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Bateman Litwin Acquiring Ethanol Plant Builder Delta-T

Bateman Litwin N.V., a mid-sized Oil, Gas, Power and Renewable Energy EPC (engineering procurement and construction) contractor, is acquiring US-based Delta-T Corporation, a leading builder of ethanol plants, for US$45 million in cash and 11.8 million new ordinary shares in Bateman Litwin.

Delta-T is one of the world’s leading designers of alcohol plants and refining systems that focus on low-cost production and minimal environmental footprint. Its grain-to-ethanol plants produce no process waste water, and the water consumption is a world-leading 2.8 gallons per gallon of undenatured ethanol (vs. an industry average of 4.5 – 10 gallons).

Delta-T’s newest Dried Distillers Grains with Solubles (DDGS) drying technology allows additional recycling of water for a further reduction of 50% to only 1.5 gallons of water per gallon of undenatured ethanol produced. Delta-T has a pipeline of new technologies near commercialization that it says should help to position its plants for the coming years as leaders in energy efficiency and low environmental emissions.

Delta-T holds an estimated 25% share in the US and Canadian ethanol markets. Delta-T’s international focus is primarily on emerging fuel ethanol markets in China, India and Australia, and via Delta-T Europe, in Europe and the CIS.

The acquisition accelerates several key areas of Bateman Litwin’s strategy:

  • It combines the company’s oil and gas EPC and process engineering skills with one of the leading proprietary technologies in bioethanol production.

  • A typical Delta-T contract size of US$120-250 million plays to Bateman Litwin’s strength.

  • It provides immediate, sizeable entry into the US ethanol construction market with forecast industry spend on new plants calculated to be worth more than US$10 billion by 2013. Delta-T’s revenue backlog, as of 30 June 2007, amounted to around US$500 million—adding substantially to Bateman Litwin’s existing backlog of around US$1 billion.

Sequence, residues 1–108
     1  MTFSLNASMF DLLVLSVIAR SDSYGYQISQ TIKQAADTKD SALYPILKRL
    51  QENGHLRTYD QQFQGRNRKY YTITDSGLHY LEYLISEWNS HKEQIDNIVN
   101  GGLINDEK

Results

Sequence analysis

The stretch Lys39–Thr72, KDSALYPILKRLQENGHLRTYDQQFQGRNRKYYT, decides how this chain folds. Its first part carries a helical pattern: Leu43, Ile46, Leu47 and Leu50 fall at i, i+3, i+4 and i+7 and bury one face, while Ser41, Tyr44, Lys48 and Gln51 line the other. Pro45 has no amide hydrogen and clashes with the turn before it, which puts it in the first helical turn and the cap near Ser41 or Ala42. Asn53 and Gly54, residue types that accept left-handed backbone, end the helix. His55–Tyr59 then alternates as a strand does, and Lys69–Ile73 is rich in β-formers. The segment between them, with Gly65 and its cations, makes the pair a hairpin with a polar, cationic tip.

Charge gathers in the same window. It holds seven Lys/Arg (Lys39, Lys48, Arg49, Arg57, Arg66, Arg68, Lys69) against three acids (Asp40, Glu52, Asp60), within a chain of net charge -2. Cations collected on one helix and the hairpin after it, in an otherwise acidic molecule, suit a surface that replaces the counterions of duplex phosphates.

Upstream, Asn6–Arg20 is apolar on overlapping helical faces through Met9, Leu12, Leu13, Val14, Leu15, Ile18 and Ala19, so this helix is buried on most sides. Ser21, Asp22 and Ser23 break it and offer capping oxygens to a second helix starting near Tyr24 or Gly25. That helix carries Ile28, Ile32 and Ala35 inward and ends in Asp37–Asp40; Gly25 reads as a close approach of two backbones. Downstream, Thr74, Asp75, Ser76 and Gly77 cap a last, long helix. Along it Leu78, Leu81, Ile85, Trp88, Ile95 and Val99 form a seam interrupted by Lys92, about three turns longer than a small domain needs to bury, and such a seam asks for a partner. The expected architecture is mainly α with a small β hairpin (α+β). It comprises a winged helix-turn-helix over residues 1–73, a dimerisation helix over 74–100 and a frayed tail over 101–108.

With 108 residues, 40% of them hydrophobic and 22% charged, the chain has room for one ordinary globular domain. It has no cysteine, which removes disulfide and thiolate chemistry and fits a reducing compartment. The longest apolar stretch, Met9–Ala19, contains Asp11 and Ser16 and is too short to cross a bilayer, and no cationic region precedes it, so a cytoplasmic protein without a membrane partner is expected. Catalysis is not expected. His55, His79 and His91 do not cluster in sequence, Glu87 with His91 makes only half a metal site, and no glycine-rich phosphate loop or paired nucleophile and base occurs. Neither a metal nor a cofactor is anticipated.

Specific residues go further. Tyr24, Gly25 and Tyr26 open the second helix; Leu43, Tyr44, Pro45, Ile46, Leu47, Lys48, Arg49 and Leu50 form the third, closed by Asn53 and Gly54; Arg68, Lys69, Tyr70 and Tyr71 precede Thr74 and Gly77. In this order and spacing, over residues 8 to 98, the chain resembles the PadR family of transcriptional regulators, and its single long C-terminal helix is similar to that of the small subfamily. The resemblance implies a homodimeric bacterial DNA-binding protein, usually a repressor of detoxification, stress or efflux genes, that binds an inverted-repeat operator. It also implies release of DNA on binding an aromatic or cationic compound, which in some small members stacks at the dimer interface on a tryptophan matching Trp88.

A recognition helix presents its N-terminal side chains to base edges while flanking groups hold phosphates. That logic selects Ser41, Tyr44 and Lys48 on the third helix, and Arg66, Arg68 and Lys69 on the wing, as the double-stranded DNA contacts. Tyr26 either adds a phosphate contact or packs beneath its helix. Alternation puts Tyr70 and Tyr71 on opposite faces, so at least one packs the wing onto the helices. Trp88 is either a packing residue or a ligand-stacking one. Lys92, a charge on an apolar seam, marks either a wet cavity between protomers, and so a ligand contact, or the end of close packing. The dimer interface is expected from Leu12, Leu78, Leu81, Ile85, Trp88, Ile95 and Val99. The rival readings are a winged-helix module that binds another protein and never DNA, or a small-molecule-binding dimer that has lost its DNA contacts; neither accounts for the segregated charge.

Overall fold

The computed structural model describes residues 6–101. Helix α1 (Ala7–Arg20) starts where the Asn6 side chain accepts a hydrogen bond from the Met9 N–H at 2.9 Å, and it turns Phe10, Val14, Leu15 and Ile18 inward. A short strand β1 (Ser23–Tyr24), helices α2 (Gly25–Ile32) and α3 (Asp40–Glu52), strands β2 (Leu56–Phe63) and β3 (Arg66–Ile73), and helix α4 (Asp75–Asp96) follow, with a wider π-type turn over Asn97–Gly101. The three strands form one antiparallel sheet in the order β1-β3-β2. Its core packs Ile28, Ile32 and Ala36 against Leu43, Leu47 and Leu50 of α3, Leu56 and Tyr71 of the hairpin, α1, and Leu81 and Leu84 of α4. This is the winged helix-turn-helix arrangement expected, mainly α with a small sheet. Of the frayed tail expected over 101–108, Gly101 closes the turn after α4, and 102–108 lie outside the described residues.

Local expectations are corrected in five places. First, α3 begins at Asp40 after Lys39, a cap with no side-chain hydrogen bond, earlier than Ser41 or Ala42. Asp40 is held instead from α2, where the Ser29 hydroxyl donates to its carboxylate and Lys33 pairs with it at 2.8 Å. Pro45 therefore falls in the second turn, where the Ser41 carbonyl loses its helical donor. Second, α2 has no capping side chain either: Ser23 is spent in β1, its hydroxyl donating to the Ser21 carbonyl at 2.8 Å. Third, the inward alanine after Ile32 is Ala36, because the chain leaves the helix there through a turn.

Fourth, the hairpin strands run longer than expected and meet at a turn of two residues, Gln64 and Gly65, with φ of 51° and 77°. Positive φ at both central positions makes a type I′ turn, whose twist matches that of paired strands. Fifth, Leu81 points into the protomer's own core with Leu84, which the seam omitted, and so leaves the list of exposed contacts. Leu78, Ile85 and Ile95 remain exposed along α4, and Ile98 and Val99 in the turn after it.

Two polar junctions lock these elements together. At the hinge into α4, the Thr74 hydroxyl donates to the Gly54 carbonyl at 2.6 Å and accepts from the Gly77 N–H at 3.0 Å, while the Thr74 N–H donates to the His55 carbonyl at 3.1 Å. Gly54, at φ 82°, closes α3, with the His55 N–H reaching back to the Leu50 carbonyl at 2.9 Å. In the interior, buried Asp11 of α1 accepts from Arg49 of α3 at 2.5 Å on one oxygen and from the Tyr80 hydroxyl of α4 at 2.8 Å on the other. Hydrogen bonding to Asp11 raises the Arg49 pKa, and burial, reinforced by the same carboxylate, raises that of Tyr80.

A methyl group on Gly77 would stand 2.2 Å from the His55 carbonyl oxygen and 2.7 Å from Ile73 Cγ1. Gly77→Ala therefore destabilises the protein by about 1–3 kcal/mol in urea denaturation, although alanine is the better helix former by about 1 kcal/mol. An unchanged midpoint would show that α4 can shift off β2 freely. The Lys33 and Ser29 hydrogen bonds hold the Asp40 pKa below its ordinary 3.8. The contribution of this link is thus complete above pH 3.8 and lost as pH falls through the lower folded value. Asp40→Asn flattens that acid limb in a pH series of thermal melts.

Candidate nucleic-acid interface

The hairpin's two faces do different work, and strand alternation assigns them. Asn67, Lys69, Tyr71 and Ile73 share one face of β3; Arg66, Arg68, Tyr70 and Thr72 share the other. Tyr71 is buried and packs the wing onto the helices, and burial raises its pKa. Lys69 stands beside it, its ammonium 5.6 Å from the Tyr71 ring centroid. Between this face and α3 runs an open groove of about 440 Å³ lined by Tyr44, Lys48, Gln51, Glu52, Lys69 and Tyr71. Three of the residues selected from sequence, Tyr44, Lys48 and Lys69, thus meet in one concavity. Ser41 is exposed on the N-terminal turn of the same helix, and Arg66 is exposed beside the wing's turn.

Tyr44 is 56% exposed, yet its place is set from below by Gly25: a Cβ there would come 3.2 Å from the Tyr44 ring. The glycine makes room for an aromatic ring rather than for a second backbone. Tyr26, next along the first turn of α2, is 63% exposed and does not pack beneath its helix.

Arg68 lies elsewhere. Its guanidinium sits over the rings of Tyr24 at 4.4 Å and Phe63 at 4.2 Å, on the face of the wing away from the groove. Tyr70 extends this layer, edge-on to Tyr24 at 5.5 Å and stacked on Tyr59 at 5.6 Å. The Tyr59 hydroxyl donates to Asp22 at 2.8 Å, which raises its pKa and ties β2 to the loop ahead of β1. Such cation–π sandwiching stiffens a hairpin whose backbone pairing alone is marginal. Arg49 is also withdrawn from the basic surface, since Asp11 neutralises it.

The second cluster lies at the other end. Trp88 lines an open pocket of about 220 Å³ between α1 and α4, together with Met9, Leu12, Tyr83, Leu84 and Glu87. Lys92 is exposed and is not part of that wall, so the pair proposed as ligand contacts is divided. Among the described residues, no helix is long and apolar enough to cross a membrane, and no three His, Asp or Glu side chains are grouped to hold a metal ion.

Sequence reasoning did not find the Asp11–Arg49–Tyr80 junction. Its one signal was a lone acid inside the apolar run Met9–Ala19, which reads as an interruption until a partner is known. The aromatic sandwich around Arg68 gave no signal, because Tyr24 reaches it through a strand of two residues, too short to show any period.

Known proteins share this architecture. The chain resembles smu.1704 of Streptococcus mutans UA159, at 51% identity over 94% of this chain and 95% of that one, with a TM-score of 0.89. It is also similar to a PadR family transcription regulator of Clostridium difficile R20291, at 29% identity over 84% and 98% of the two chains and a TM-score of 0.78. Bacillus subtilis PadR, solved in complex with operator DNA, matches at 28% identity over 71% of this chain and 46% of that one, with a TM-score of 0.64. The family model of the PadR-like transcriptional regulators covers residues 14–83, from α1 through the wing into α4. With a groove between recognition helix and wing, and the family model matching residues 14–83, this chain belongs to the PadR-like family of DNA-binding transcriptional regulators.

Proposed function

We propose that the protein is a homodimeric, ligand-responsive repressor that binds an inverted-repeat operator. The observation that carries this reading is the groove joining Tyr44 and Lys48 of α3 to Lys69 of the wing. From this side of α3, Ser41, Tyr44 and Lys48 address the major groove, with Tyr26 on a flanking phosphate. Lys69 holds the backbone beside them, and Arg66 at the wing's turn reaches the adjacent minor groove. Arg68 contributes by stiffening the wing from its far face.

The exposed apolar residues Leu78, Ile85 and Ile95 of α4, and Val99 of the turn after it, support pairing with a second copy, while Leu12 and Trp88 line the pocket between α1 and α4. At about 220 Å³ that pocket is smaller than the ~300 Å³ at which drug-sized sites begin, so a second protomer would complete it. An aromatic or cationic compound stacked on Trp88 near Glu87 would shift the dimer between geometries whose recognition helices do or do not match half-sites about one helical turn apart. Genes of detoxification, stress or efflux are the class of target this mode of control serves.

In the financial year ended 31 December 2006, Delta-T reported revenues of US$213 million, EBITDA of US$6.1 million and profit before taxation of US$6.4 million under US GAAP. Delta-T has grown significantly with revenues in 2004 of US$8 million and in 2005 of US$25 million.

This acquisition is an exceptional step forward for Bateman Litwin. It supports our strategy by adding a contiguous field of process engineering as well as a new proprietary technology to our product offering. It also provides the Group with a powerful position in the fast growing renewable energy market. Bateman Litwin floated in 2006 with the ambition to grow both organically and through acquisition. This transaction combines both objectives, and positions Bateman Litwin as a leader in the rapidly developing services industry for biofuels.

—Shuki Raz, CEO of Bateman Litwin


could the use of water be further reduced with the use of Greenfield's membrane dewatering system?

It seems that this system could re-use the same water over and over again.


This type of dehydration is not new to this industry. Ultra or micro filtration aside, the current and most popular method of dehydration is a process called Pressure Swing Adsorption. This method uses molecular sieves to separate the ethanol from water. The water is then reused in the system. So, by using this membrane the plant water consumption remains unchanged from the current process. What might be interesting to look at would be the energy balances. What system uses less energy and has the greatest return of investment.


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